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Upo


Upo (Tagalog) / Tabungaw (Ilocano) / Hyotan (Japanese) / White Gourd (Squash)

Ironically similar to the Hawaiian term “Ipu” for bottle gourd (also known as “Ipu Heke ‘ole” for Gourd Drum), “Upo” is the Filipino word in the Tagalog dialect for a unique, very long White Gourd (the inside is white), also known as “Tabungaw” in Ilocano. Not to be confused with “Opu”, which is the Hawaiian word for stomach or belly.

Smart ‘eh me, for someone who’s not Filipino? Actually, I got that info’ from one of the many folks working in our office originally from P.I..

And very long would be an understatement, as this particular example measured a nearly baseball bat’s length of 34″ from the tip end of the stem to the tip of the top…


Upo (Tagalog) / Tabungaw (Ilocano) – 34″ length

That’s just 2″ shy of a yardstick. WOW! That, while the Upo’s diameter is relatively slim to its extreme length at just 4″ across…


Upo (Tagalog) / Tabungaw (Ilocano) – 4″ diameter at thickest part (weight unknown)

The profile shape is evenly round (this shot’s angled slightly downward from the side about 42 degrees)…

Here’s an example of how Upo is grown from its vines, hanging from a trellis…


The long and heavy Upo grows hanging from its vines off a trellis. Photo courtesy of tubagbohol.mikeligalig.com

Being a part of the squash family, Upo is botanically considered a fruit, not a vegetable, and said to be a good source of iron, calcium, phosphorus and vitamin B.

As for cooking ingredient applications, according to my Filipina coworkers, one popular dish using Upo is Guinisang Upo with Shrimp


Guinisang Upo with Shrimp. Image courtesy of OverseasPinoyCooking.net

Another popular Ilocano dish is Tabungaw nga Buridibud

Tabungaw nga Buridibud. Image courtesy of OverseasPinoyCooking.net

While these linked recipes call for shrimp and fish, I’m told you can also use pork if seafood ain’t your thing.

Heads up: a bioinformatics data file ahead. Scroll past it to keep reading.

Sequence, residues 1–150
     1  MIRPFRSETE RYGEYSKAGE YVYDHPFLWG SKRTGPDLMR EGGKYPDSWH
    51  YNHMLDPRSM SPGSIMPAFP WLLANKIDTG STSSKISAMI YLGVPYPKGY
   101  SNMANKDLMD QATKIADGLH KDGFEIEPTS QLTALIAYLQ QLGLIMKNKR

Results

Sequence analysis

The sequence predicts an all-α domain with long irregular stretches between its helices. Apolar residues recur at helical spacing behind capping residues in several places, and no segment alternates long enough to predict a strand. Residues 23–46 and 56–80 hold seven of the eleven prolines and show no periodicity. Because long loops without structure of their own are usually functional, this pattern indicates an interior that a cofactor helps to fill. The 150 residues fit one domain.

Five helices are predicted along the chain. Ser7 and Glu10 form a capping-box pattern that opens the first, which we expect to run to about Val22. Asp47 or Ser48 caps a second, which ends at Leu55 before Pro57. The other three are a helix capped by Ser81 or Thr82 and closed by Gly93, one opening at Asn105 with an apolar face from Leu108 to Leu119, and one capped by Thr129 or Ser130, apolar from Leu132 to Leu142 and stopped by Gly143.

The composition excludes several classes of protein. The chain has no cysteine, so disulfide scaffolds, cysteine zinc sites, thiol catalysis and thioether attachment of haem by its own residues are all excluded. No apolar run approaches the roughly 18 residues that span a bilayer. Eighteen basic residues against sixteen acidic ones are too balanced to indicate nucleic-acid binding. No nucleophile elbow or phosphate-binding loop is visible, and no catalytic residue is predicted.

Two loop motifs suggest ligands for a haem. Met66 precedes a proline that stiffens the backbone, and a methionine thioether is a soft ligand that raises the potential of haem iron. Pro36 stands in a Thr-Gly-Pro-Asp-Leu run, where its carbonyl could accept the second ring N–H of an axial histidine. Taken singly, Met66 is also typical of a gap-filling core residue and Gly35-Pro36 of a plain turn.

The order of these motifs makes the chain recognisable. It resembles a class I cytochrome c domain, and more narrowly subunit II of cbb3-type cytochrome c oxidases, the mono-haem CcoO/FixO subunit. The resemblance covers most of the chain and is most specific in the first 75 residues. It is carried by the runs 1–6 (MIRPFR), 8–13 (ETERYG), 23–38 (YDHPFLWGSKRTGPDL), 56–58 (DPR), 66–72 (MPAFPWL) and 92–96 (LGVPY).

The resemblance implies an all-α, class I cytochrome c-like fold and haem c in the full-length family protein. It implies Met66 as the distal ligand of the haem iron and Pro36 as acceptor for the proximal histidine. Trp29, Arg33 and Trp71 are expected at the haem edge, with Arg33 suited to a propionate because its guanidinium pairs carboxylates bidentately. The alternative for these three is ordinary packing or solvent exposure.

And “THING” was was what immediately crossed my mind when I saw it sitting on the lunchroom table yesterday. I was like, “What the heck is that!”….


Upo? Tabungaw? WHOAH!

That gives you an idea to scale what we’re dealing with here, as it practically dwarfs my 5’9″ frame.

I’ve seen some pretty massive pumpkins and watermelons in overall mass (girth and weight), however to the best of my memory, this Upo a.k.a. Tabungaw has got to be the LONGEST fruit I’ve ever seen in person in my life. Crazy! And if the photos still don’t convince you, bust out your tape measure and pull out 34″ and you’ll understand. ;-)

With that, at least now you’ll know what it is if you ever happen to come across these uncannily long squash at an open market. Just remember the Hawaiian term “Opu” for your tummy, then flip that around and you’ll remember the name “Upo” for this rather fascinating Filipino Squash.

Gosh, that Guinisang Upo with Shrimp sure would hit the spot right about now. ;-)

 

4 thoughts on “Upo

  • March 4, 2014 at 3:38 pm
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    Ah, so that’s what it’s called! My in-laws grow this at their house in Pukalani. Their largest ones are about as long as the one in the photo but the diameter is longer than that one. We usually cut it into thirds and share it with three families. We make it into something similiar to Chicken Papaya, but we use pork instead of chicken and the upo instead of papaya. Yum!

    Reply
  • March 4, 2014 at 5:59 pm
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    In Japanese, it is called hyotan not hyota. It is very popular in Okinawan stews and soups.

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  • March 5, 2014 at 6:45 am
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    I like to cook it in a soup with ground pork and shitake mushrooms. Good comfort food on a cold day.

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  • March 5, 2014 at 7:58 am
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    @ David-San – I’d think Green Papaya would impart a more distinct flavor and silkier texture to Tinola (Filipino Chicken Papaya Soup) compared to any squash due to the rich amount of Papain enzyme in green papaya. No matter what, Tinola MUST have Malunggay leaves!

    @ Dennis-San – Typo on my part. Fixed. Domo. Okinawan PIg’s Feet Soup calls for Togan, a.k.a. Winter Squash, which looks and is sized like a watermelon. Been there, did that.

    @ Dean-San – One of the Pinay gals I work with says her recipe is simply to saute bite-size strips of pork in a very hot wok until browned, drain excess oil, then add minced garlic, sliced tomato, onions, and season it well with Tiparos, which is the Thai version of Filipino Patis (Fish Sauce; which she prefers for its great flavor). Then add just enough water to cover that (not where it’s a soup), then simmer until pork is fully tender. Finish by adding bite-size pieces of Upo and continue cooking until the Upo is tender. Serve with rice. She doesn’t have a specific name for the dish, but says she would categorize it generally as Dinengdeng (Ilocano style Pork with Vegetables).

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